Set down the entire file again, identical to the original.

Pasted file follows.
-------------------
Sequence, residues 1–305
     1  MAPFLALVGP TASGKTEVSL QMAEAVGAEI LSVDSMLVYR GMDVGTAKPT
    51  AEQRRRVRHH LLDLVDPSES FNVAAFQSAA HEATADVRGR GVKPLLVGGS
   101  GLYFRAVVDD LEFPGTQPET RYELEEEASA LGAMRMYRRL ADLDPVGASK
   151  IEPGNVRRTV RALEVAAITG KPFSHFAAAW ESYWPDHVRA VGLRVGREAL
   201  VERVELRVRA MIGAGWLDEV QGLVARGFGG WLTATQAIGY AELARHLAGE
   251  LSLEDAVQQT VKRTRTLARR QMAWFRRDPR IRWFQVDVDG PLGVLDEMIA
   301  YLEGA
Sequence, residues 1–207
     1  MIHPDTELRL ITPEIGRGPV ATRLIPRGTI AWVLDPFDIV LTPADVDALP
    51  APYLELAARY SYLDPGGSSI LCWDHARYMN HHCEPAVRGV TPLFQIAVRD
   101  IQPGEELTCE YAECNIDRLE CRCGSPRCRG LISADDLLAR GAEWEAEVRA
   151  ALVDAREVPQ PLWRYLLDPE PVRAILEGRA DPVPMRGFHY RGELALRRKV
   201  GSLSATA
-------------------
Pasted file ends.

Sequence, residues 1–305
     1  MAPFLALVGP TASGKTEVSL QMAEAVGAEI LSVDSMLVYR GMDVGTAKPT
    51  AEQRRRVRHH LLDLVDPSES FNVAAFQSAA HEATADVRGR GVKPLLVGGS
   101  GLYFRAVVDD LEFPGTQPET RYELEEEASA LGAMRMYRRL ADLDPVGASK
   151  IEPGNVRRTV RALEVAAITG KPFSHFAAAW ESYWPDHVRA VGLRVGREAL
   201  VERVELRVRA MIGAGWLDEV QGLVARGFGG WLTATQAIGY AELARHLAGE
   251  LSLEDAVQQT VKRTRTLARR QMAWFRRDPR IRWFQVDVDG PLGVLDEMIA
   301  YLEGA
Sequence, residues 1–207
     1  MIHPDTELRL ITPEIGRGPV ATRLIPRGTI AWVLDPFDIV LTPADVDALP
    51  APYLELAARY SYLDPGGSSI LCWDHARYMN HHCEPAVRGV TPLFQIAVRD
   101  IQPGEELTCE YAECNIDRLE CRCGSPRCRG LISADDLLAR GAEWEAEVRA
   151  ALVDAREVPQ PLWRYLLDPE PVRAILEGRA DPVPMRGFHY RGELALRRKV
   201  GSLSATA